Today I spoke in support of the Limitation Amendment (Child Abuse) Bill 2016 in the NSW Parliament.
The Bill was introduced to ensure that there is no limitation period for an action for damages that relates to death of personal injury resulting from child abuse.
I support the Limitation Amendment (Child Abuse) Bill 2016, but as a non-lawyer I will talk about a different aspect to those mentioned so far in this debate. After my first degree I undertook postgraduate studies in applied psychology and counselling and not surprisingly, given the prevalence of abuse in our community, this issue was included in those studies. Indeed, I undertook significant research into child abuse. Later, as an officer of the Commonwealth Government who dealt with former child migrants, I saw the absolute devastation that institutionalised child abuse caused to people. Today I will talk about what makes these children grow up as damaged and devastated people; people who struggle to take enjoyment from things that many of us take for granted. No matter what they achieve in life, to some degree these people will always feel tainted by the criminal actions that another person took against them in childhood. That brings me to the core of this bill.
These victims will suffer life-long damage in all of their personal relationships and they will only overcome it with personal resilience and huge amounts of support. We need to recognise that by its very nature this type of crime stops people from reporting the crime committed against them. Child abuse is not just about the sexual or physical act; mostly importantly, it is about the control that someone in a senior or powerful position exerts upon a child. That person may be a parent, teacher, uncle or aunt, someone in a position of trust or a family friend. Control is at the heart of this issue. This bill will wrest that control, which can have a life-long influence on a victim, from the perpetrator and put it back into the hands of the victim.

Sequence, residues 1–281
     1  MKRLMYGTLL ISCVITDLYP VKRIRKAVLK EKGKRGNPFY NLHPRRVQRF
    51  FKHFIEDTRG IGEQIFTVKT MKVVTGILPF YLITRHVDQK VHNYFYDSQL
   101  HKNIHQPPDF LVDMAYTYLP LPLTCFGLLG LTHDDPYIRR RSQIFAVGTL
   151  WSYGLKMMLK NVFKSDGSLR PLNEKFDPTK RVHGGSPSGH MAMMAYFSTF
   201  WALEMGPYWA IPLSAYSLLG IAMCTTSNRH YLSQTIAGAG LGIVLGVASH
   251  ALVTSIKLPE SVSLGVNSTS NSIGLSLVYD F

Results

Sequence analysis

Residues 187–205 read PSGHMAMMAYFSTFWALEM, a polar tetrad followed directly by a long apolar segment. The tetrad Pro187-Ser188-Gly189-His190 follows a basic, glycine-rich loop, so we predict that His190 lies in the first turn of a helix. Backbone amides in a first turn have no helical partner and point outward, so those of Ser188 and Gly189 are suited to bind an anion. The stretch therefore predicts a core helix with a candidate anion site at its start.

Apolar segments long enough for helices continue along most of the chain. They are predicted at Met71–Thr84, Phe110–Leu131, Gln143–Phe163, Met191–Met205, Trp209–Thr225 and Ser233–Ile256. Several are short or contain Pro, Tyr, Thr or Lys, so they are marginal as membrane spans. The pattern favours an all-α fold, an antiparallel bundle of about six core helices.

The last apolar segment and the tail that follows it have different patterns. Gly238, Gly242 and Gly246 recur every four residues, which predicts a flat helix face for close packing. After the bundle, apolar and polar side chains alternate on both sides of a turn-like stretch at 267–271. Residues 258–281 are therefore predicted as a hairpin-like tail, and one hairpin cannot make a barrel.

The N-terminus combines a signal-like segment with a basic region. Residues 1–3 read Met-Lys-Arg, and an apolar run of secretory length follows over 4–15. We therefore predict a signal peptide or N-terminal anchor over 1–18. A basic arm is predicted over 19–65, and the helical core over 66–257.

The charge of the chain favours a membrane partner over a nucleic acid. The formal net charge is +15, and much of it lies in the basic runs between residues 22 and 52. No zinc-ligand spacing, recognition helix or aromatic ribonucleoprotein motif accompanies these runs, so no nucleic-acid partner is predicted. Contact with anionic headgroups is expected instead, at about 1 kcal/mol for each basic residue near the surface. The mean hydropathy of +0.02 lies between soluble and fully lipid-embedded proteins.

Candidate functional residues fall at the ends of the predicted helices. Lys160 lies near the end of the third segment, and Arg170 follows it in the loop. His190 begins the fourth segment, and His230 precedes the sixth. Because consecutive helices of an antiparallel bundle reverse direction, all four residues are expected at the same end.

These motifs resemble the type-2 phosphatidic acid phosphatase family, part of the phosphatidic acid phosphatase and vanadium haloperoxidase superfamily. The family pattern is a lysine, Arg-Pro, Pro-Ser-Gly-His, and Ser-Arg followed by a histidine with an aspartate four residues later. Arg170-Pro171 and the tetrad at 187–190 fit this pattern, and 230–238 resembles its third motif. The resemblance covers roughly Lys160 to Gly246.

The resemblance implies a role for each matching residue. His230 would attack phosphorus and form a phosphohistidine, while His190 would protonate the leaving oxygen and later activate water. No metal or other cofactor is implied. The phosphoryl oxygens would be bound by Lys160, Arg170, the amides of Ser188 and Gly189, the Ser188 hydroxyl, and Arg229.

What is the legacy of that control? I wanted to speak about and place on the record in this place young people's emotions, confusion, self-doubt, guilt and shame—the legacy of this kind of abuse. It is difficult for young people to articulate or even to understand this kind of behaviour. Someone in a position of power offers them attention, smiles when they speak, laughs when they make a silly joke, checks on every aspect involving them and makes them feel special. These are the things that we all want in our lives and it is behaviour that we want to see in our relationships from those that we trust. We want people whom we trust and who are role models and mentors to accept us and to give us that love and attention.
Because of the evil nature of this crime, those who give young people attention abuse their trust in a process that is known as grooming. Young people might instinctively know that the kind of attention that they are receiving is not the right kind of attention—it is not love, friendship or mentoring but rather abuse and exploitation, which are significantly different—and it is difficult for children to articulate or even to understand until they are much older. So the behaviour continues because they refuse to complain about the fact that Uncle Joe or Aunty Marg holds their hand a little too tightly, or that someone's hand reaches a bit too far up their leg, or that even though they were really naughty they did not deserve to be hit quite that hard by mummy or daddy, or even hit at all.